Duterte has lashed out against Washington, the EU and the United Nations for criticizing his deadly anti-drugs campaign, in which nearly 3,000 people have been killed.

China and the Philippines are trying to find a way to break the ice after a verdict by an arbitral court in The Hague in July invalidated China’s claims to most of the South China Sea and gave Manila the legal high ground in the dispute.

During a speech on Thursday, Duterte said he would go to China this year and, without elaborating, told Chinese businessmen: “You will see me often”.

He reiterated he would not deviate from the court ruling but would seek a way out of a four-year deadlock at the disputed Scarborough Shoal in the South China Sea and for China’s coastguard to let Filipinos fish there unimpeded. The arbitration panel ruled that no one country can legally control the shoal.

“China has already said several times that it welcomes President Duterte to visit China at an early date,” Chinese Foreign Ministry spokesman Lu Kang told reporters at a regular briefing.

“As long as both the Philippines and China continue to maintain the political will to reconcile our differences, there are no obstacles that cannot be overcome,” Lu said.

A source in Duterte’s office said it was possible former president Fidel Ramos, his new China envoy, could visit as early as next week to lay the groundwork for talks.

The relationship with Japan is far less complicated and Tokyo has agreed to provide 10 coastguard vessels to Manila to support its maritime security efforts.

Japan, a major investor across Southeast Asia, has been providing coastguard training and ships also to Vietnam, another country at odds with China over its maritime assertiveness.

The proposed October visits would be among Duterte’s first as president in what has been a colorful, at times dramatic first three months in office.

He attended a summit of Asian leaders in Laos earlier this month and has been to Indonesia. He is due to visit Vietnam next week.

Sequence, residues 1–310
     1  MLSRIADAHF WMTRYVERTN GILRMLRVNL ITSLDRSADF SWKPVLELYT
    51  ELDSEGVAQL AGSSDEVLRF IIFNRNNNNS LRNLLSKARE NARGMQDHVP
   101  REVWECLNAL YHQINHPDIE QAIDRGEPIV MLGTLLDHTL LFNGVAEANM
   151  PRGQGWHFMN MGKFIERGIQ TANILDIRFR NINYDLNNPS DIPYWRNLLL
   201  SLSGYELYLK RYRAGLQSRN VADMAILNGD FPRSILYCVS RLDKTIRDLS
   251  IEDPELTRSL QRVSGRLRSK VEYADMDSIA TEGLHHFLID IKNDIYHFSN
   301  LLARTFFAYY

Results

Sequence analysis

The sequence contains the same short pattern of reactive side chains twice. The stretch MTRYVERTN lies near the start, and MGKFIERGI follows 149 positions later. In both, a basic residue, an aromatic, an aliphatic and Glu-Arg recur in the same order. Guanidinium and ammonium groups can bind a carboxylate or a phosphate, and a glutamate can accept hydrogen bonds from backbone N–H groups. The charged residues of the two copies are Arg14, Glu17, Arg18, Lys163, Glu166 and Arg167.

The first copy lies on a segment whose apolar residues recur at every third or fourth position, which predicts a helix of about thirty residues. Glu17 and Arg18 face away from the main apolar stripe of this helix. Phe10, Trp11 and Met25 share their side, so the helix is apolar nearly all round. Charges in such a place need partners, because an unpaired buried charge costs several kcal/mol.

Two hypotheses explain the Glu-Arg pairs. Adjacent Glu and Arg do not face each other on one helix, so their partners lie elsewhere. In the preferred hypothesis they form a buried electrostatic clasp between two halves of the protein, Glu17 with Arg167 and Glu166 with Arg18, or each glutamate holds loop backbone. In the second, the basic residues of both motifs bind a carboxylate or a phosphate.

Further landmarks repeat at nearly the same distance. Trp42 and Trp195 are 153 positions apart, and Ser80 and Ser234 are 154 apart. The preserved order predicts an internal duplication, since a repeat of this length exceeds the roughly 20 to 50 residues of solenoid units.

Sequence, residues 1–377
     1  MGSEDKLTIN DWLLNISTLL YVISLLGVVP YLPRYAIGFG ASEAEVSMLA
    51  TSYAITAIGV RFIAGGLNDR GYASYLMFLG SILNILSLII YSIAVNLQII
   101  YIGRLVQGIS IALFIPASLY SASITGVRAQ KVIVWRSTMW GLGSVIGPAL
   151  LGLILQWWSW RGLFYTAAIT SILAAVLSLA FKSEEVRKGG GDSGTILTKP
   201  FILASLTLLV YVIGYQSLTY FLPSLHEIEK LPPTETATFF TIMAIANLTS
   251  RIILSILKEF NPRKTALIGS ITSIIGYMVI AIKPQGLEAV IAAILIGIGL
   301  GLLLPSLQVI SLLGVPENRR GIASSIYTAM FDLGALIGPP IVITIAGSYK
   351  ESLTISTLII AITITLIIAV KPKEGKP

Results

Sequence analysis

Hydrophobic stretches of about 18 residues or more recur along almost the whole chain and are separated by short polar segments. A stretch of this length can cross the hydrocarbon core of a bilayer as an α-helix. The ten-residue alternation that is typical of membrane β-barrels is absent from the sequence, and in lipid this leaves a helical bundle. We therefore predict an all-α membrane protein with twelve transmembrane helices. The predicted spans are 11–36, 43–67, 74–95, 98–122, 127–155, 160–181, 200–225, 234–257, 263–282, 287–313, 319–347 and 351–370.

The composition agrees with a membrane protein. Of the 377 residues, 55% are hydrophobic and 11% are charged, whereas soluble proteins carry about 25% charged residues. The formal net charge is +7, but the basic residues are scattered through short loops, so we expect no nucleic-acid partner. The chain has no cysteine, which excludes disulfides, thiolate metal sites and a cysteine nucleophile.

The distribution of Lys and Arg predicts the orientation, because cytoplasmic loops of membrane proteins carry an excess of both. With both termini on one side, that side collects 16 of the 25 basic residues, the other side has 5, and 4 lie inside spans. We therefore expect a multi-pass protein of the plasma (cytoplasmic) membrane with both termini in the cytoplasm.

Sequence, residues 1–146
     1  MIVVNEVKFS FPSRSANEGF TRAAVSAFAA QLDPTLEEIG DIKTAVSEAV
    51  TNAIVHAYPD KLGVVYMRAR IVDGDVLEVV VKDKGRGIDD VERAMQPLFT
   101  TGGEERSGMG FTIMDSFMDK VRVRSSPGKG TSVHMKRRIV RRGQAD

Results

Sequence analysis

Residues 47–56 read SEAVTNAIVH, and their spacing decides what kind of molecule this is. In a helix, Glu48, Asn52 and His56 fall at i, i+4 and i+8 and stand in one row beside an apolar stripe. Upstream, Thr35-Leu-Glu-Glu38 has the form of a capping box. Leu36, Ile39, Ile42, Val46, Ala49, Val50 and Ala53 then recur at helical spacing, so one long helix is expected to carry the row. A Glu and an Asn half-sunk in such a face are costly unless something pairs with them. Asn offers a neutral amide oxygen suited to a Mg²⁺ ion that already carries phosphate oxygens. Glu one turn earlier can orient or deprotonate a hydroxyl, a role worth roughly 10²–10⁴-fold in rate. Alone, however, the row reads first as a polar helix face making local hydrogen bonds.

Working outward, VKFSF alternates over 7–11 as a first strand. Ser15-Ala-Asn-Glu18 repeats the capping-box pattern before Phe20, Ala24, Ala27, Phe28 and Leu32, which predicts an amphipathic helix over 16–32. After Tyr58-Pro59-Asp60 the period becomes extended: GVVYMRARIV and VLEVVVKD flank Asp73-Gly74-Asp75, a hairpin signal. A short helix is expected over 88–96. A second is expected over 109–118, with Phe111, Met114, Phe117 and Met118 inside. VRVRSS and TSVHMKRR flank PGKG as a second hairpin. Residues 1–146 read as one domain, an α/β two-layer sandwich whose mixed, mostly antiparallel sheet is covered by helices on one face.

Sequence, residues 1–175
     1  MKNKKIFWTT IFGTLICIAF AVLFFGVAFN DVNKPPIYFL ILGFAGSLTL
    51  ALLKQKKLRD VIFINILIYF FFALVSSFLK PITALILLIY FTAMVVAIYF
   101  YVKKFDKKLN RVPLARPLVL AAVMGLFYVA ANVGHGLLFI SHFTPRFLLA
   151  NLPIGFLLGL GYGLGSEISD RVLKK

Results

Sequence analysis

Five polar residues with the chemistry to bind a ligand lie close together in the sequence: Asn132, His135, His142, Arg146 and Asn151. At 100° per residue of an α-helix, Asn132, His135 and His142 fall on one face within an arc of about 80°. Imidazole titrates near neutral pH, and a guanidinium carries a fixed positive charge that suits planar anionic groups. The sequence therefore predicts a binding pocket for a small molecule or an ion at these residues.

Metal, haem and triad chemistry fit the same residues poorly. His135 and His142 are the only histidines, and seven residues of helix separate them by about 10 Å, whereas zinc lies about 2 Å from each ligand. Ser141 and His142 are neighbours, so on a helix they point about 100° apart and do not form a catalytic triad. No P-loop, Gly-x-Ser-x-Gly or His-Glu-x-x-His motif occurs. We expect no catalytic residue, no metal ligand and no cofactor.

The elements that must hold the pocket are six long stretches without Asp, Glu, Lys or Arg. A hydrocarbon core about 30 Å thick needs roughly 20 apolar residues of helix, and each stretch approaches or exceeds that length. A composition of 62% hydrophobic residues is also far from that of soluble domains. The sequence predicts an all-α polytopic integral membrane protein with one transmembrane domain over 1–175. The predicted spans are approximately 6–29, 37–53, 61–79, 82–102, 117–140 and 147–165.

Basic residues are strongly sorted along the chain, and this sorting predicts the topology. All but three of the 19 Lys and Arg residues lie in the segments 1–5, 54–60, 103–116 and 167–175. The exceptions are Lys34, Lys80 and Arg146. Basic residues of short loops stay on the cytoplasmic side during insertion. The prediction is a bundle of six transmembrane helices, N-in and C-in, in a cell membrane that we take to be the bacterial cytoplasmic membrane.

(Additional reporting by Linda Sieg in Tokyo, and Michael Martina and Sue-Lin Wong in Beijing; Writing by Martin Petty; Editing by Raju Gopalakrishnan)


 (Ties to South China Sea, giant clams, pangolins, coral reef destruction, etc)


Chinese Joint Sea 2016 with Russia featured this taskforce led by the Type 052C destroyer Zhengzhou, consisting of some of China’s most modern warships. Credit Xinhua

Chinese Premier Li Keqiang (R) and Vietnamese Prime Minister Nguyen Xuan Phuc attend a signing ceremony at the Great Hall of the People in Beijing, China, September 12, 2016. REUTERS/Lintao Zhang/Pool

Vietnam has long worried about China’s theft of Vietnamese natural resources, including fish and oil. In this photos a Chinese Coast Guard vessel (R) passes near the Chinese oil rig, Haiyang Shi You 981 (L) in the South China Sea, about 210 km (130 miles) from the coast of Vietnam June 13, 2014. REUTERS/Nguyen Minh


Fishing boats set sail from Tongling port in Dongshan County, southeast China’s Fujian Province, Aug. 1, 2015.

 (“China risks becoming a pariah nation because of its overfishing, illegal fishing and damage to the global ocean environments….”)

China Coast Guard — In this photo released by the 11th Regional Coast Guard Headquarters of Japan, a Chinese coastguard vessel sails near the disputed islands in the East China Sea on August 6, 2016. Japan said this ship was watching over more than 200 Chinese fishing boats fishing illegally in Japanese waters. AP